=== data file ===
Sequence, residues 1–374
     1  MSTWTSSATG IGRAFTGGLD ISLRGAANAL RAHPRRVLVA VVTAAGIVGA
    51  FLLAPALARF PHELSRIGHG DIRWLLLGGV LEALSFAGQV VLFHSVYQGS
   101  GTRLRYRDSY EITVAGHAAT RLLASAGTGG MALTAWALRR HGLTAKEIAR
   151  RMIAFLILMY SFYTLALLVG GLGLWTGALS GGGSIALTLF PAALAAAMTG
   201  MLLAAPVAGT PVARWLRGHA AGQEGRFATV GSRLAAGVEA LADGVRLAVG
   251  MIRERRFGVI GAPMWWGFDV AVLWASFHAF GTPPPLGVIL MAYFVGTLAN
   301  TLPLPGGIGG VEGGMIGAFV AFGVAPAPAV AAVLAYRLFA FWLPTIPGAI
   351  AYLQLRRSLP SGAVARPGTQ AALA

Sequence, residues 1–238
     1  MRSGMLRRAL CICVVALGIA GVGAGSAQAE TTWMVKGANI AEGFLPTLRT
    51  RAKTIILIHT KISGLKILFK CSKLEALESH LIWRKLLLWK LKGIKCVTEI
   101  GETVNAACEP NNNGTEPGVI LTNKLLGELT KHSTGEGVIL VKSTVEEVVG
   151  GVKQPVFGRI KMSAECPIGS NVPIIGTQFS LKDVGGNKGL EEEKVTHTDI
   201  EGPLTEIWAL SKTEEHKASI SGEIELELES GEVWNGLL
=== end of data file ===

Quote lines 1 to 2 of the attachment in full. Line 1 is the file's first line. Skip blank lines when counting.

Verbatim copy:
Sequence, residues 1–374
     1  MSTWTSSATG IGRAFTGGLD ISLRGAANAL RAHPRRVLVA VVTAAGIVGA